Grab some tissues and head back to the barricades! The long-awaited Hollywood version of "Les Miserables" storms movie theaters Christmas Day.
Based on Claude-Michel Schönberg and Alain Boublil's blockbuster musical, which has been seen by nearly 60 million people worldwide since its 1985 debut, this ambitious big-screen adaptation may be short on subtlety, but it comes up huge for sheer gobsmacking sentiment. While the film has many flaws, from sloppy pacing and imperfect vocals to a miscast Russell Crowe as the vile inspector Javert, there's no denying its devastating emotional ferocity.
And if you are in the mood for a good cry (or three!), rejoice. Your eyes may well be red for days after this relentless tear-jerker. Oscar-winning director Tom Hooper ("The King's Speech") stays very true to the muckraking spirit of Victor Hugo's 1862 novel, its harrowing denunciation of a society that oppresses the many to benefit the few.
Indeed, one of the most visceral aspects of this gorgeously shot epic is its embrace of grittiness. Panoramic shots of the poor, faces encrusted with sores and grime, begging for pennies from the rich, drive home the desperation of 19th-century France. This unflinching depiction of the brutal nature of squalor gives the film its bite.
But there is also a price to be paid for all that realism. Sometimes the sprawling melodrama is so dire and grim that it's hard to find comfort in the rousing score and comic interludes.
The garish antics of the thieving Thenardiers fall flat here. Sacha Baron Cohen and Helena Bonham Carter generate no zest in scenes that should be outrageously funny. Cohen, who was such a hoot as "Borat," in particular comes off quite drab.
Eponine (the gifted Samantha Barks) also loses some of her sauciness because there is no mischievous glee lurking beneath the tragedy. "The Lovely Ladies" number is so horrific it's hard to sit through. That lack of comic relief can make the picture seem bombastic instead of sweeping.
That said, it's hard to resist the movie's wrenching sense of intimacy.
The real revelation is Anne Hathaway. While some have brought better pipes to the part, no actress has made the ill-fated Fantine more believable. Here she is not a simpleton or a saint, just a real woman degraded by an uncaring world. Her hair savagely shorn, the haunting Hathaway seems a natural for an Oscar nod.
Cheated out of her youth, Fantine slaves away in a factory in backbreaking drudgery. When she loses her job through no fault of her own, she is reduced to the gutter. Desperate to support her small child, she sells all she has -- her hair, her teeth and, finally, her body as one of the Lovely Ladies.
Hathaway radiates her broken spirit but also her steel. Fantine would gladly die to save Cosette (Amanda Seyfried). Her shattering rendition of "I Dreamed a Dream" will reduce many to sobs. It's all the more beautiful for the imperfections captured by the live singing technique.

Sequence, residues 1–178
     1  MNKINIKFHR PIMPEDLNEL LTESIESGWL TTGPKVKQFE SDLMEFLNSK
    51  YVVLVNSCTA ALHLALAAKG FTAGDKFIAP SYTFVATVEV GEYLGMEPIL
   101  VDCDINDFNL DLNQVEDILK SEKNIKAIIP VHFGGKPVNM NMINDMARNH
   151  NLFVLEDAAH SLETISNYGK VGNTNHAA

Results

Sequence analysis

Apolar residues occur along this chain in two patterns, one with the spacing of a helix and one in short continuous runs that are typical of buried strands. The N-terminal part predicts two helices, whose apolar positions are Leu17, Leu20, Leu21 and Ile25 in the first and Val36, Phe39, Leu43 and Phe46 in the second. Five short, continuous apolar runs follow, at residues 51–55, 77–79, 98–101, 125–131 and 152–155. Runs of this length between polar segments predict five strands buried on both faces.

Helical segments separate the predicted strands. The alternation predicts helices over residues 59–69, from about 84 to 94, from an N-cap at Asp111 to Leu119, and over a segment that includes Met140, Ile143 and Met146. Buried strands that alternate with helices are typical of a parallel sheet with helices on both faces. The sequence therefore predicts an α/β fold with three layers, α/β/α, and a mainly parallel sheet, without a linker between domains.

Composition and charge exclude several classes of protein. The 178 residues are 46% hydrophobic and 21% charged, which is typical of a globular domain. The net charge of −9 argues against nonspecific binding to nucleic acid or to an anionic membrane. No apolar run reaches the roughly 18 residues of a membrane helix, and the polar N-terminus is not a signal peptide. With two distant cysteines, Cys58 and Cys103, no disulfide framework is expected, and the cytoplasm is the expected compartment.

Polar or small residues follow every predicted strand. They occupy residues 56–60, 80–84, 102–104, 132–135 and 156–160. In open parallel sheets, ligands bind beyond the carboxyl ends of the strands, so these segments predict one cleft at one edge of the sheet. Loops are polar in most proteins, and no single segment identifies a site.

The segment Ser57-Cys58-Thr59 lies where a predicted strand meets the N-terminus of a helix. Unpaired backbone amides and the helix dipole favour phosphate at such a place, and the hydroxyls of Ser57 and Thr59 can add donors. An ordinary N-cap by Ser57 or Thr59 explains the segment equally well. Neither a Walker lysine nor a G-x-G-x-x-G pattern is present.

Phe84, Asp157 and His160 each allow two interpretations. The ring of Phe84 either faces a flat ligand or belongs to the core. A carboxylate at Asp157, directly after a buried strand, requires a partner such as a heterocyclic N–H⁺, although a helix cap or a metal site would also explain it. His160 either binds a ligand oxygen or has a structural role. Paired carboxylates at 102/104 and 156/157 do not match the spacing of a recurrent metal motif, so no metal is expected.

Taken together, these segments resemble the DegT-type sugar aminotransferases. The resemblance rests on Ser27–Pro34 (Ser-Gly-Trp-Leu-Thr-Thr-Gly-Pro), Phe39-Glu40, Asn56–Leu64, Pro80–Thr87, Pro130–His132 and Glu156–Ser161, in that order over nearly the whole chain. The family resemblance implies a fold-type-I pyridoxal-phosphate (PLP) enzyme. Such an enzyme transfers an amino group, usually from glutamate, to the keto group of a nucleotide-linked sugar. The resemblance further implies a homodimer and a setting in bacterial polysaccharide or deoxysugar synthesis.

For his part, Hugh Jackman, a Broadway baby at heart, carries the rest of the picture as the ultimate underdog Jean Valjean, who languishes in prison for 20 years after stealing a single loaf of bread to feed a starving boy. Once he is released from the clutches of the dastardly copper Javert (a one-dimensional turn by Crowe), he finds himself tainted by his conviction, hounded like a dog, roaming the country in search of salvation.
If some of the actors sound strained reaching for the high notes in this classic score, such as the shaky Seyfried in Cosette's duets with the college radical Marius (Eddie Redmayne), Jackman sounds like he is having the time of his life. He gilds the forgettable new song "Suddenly" with a sense of dawning redemption.
Unfortunately, "Les Miz" can't shine as brightly as it should without a proper villain to torment Valjean, and Crowe seems tame as the menacing Javert. He's a decent actor, but he can't emote and sing at the same time -- and that undercuts many of the film's pivotal confrontations. Perhaps if the score had not been recorded live this flaw would be less grating.
While the antagonism between Valjean and Javert never cuts as deeply as it should, Hooper magnificently captures the throb and pulse of revolutionary Paris. He and cinematographer Danny Cohen open up the action of the play in sweeping scenes of pageantry, such as peasants hurling furniture out of garret windows to make a barricade.
These live-action shots are far more eye-popping than the movie's CGI interludes because they humanize the spirit of revolt, the thrilling seduction of anthems such as "One Day More" and "Do You Hear the People Sing?" The real love story coursing through "Les Miz," after all, isn't about any one man or woman -- it's about the yearning of the people to be free.
'les miserables' * * *
Opens: Christmas Day
Rated: PG-13 (for suggestive and sexual material and violence)
Cast: Hugh Jackman, Russell Crowe and Anne Hathaway
Director: Tom Hooper
Running time: 2 hours, 37 minutes